Issue by issue, he reaffirmed his commitment to economic reform and admitted a failure of  “social communication about the changes that have been introduced.” Regarding private entrepreneurship, he said: “We have not renounced the pursuit of expansion of trabajo por cuenta propia” in part because it allows the state to shed “the management of activities not of strategic value for the country’s development.”

Off script, he digressed about Cuba’s war of independence and the U.S. role in it, from the defeat of the Spanish fleet at Santiago to the United States’ treatment of Cuba upon Spain’s surrender. If you have never understood why Raul and his fellow revolutionaries consider 1959 the date when Cuba’s true independence was fully achieved, it’s a good primer.

Wednesday, April 18, 2018

Succession time

The departure of Raul Castro and the selection of a new head of state that didn’t fight in the revolution but rather grew up in it, is a momentous event for Cuba.

But it is not likely to bring a dramatic change in Cuba’s governance, as many outside Cuba seem to expect just because the Castro presidencies have come to the end of their run. Raul Castro remains until 2021 as head of the Communist Party, where policy is made. The next president, all but certain to be Vice President Miguel Diaz-Canel who has now been formally nominated, emerges from the party and political system that has set current policies. A clean break is unlikely – the most likely question is how the next president will manage the process of change that the Raul Castro presidency initiated.

And for embarking on that change, Raul Castro’s presidency has been very consequential. He diagnosed Cuba’s economic woes as a threat to the system’s survival, and the party embraced that diagnosis. He led the party to develop and endorse a reform program that is changing Cuban socialism in ways his brother would never have contemplated: a smaller state, more foreign investment, and a substantial private sector.

The state has indeed shrunk by more than half a million personnel; the number of private entrepreneurs has more than tripled and the private sector accounts now for one in four workers; private farming is vastly expanded; and foreign investment flows are starting to expand.

Policies that were in place when he took office in 2006 – banning Cubans from having cell phone accounts in their own name or staying in tourist hotels, requiring advance government permission to travel abroad, banning the sales of cars and residential real estate, denying nearly all applications for new entrepreneurs to get business licenses – are all gone. Even as the one-party state remains in place, these have to count as human rights improvements.

These changes, along with more open U.S. policies and changed attitudes among Cuban emigres, have enabled a transformation in relations with the diaspora. Generations ago, those who left were disdained by the Cuban government and declared themselves exiles. Plenty still choose to stay away, but those who don’t are visiting, buying and improving properties, investing in businesses, and creating millions of avenues of communication and support. This is a quiet, gradual development with strategic significance for Cuba’s economy, politics, and security.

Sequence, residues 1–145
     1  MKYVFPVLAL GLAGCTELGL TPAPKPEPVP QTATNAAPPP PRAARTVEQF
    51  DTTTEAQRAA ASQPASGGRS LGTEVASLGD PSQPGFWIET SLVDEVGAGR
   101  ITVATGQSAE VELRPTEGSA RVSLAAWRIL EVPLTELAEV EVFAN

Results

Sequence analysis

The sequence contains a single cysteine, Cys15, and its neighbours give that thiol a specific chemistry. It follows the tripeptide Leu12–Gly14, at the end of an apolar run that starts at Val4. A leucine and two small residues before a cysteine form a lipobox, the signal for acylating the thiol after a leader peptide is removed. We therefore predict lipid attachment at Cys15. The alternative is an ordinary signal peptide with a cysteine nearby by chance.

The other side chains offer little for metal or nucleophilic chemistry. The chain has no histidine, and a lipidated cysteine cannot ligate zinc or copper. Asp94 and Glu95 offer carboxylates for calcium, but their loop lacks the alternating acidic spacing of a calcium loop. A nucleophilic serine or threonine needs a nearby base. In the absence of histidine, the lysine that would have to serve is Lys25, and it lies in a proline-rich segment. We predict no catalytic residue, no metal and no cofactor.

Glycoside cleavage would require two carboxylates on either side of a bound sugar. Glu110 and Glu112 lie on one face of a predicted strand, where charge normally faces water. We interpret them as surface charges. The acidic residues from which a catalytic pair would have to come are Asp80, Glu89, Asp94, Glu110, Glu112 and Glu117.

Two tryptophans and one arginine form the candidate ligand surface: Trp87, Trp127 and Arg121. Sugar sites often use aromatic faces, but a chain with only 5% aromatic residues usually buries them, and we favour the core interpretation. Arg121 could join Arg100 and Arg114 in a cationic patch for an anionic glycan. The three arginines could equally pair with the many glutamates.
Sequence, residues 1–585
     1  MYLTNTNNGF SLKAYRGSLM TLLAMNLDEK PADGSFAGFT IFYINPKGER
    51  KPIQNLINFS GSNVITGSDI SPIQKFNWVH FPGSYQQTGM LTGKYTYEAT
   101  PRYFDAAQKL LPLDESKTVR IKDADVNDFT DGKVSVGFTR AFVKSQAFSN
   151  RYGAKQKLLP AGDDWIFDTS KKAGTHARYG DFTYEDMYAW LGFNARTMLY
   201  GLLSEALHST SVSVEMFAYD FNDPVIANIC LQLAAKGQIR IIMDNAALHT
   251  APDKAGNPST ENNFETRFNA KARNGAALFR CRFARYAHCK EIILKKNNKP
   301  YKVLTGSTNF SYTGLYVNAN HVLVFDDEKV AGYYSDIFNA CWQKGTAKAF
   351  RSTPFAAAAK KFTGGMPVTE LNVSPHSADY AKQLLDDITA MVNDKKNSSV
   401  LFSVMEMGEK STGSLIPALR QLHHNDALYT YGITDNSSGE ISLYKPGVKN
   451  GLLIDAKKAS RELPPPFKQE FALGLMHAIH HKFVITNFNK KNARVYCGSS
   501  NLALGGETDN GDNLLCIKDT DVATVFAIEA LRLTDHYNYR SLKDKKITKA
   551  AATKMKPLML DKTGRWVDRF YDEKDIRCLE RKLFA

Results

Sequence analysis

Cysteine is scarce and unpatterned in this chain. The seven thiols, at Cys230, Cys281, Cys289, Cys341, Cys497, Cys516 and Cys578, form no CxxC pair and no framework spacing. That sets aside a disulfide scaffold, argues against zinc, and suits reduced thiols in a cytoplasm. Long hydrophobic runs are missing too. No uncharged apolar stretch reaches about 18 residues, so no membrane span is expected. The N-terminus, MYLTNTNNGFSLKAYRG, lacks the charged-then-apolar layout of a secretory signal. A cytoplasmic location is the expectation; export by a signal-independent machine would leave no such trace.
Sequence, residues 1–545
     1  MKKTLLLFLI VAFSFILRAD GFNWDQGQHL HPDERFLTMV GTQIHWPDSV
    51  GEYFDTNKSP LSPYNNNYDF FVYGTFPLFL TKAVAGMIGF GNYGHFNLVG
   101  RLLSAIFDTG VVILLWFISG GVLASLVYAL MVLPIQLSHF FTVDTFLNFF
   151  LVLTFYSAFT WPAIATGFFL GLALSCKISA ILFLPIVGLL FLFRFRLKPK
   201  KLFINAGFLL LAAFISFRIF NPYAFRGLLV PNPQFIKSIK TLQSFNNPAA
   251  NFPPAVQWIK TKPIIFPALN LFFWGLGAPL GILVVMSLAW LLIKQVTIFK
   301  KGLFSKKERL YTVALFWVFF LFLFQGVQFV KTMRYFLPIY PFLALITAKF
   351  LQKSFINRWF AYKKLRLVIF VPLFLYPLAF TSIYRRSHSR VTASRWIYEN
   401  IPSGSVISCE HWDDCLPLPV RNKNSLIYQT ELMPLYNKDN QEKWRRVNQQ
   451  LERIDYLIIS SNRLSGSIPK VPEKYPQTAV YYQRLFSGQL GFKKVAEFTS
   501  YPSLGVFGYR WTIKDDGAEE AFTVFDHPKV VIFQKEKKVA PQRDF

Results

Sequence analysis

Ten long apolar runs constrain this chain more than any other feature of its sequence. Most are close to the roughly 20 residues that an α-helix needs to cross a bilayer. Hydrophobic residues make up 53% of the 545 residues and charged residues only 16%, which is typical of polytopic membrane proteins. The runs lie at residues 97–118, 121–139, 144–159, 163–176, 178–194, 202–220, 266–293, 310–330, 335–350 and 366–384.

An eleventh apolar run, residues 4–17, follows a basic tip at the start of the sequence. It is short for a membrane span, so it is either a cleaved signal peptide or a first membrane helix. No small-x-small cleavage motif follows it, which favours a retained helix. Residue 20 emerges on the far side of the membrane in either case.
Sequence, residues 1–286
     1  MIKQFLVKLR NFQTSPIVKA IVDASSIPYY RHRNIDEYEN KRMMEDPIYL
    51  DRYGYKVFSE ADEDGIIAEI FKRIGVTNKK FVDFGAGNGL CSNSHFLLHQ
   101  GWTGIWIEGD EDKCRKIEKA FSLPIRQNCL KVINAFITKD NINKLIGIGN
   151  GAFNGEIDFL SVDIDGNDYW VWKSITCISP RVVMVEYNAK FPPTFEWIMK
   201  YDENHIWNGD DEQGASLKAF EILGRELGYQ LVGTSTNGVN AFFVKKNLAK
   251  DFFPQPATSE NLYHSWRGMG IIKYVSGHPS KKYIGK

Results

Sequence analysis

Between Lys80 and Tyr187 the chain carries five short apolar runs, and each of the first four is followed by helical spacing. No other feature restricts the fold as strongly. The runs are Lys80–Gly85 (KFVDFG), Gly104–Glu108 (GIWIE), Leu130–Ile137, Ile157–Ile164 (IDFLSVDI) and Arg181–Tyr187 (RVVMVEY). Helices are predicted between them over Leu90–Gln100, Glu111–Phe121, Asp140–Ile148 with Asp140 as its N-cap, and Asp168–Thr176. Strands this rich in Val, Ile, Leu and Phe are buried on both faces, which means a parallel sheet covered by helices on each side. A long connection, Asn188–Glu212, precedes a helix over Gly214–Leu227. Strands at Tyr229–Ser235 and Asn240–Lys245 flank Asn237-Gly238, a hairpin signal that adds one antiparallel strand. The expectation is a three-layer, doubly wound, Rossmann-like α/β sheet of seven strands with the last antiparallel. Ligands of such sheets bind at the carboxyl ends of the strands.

The reforms are incomplete and seem stalled. Agricultural reform is half-done, yielding commensurate results. The government itself admits the need to recharge the foreign investment approval process. The dual currency system persists, with ill effects that ripple throughout the economy. The private sector lacks an adequate supply system. New and potentially impactful laws that were put on the agenda a few years ago have not yet seen the light of day: an enterprise law, a law of associations (to establish how religious denominations and private organizations gain legal status), a media law, an electoral law, and constitutional reforms to limit top officials to two five-year terms in office and to downsize the national legislature.

Why have the reforms not been fully implemented? Part of the answer surely has to do with their complexity, and to political caution on the part of a government that sees potential dislocation in eliminating family food ration books or changing the monetary system overnight. There is also political resistance based on ideological orthodoxy, reluctance to change that exists in any bureaucracy (especially when the changes reduce the size and authority of government agencies), and discomfort with new inequalities in earnings resulting from a vastly expanded private sector.

Cuba’s next president will have to deal with all these tensions, without the benefit of the Castro surname. But absent an unlikely shift in policies that have been approved in two party congresses, the question will remain one of implementation.

And the stark fact remains that there is no viable Plan B. There is no turning back, if for no other reason than that Cuba’s private sector is now essential to employment, family income for millions, and even to the functioning of the tourism industry – and the   government cannot possibly replace the jobs it has created. Cuban governments are virtuousos when it comes to muddling through, but that option does not deliver the growth Cuba needs to keep young Cubans in Cuba, and to sustain popular social services guarantees.

It will be a new political environment, with a premium on consensus-building and coalition management. Cuban politics is about to get more interesting, and if it would get more transparent too, more than a few observers – not to mention Cuban citizens themselves – would appreciate it.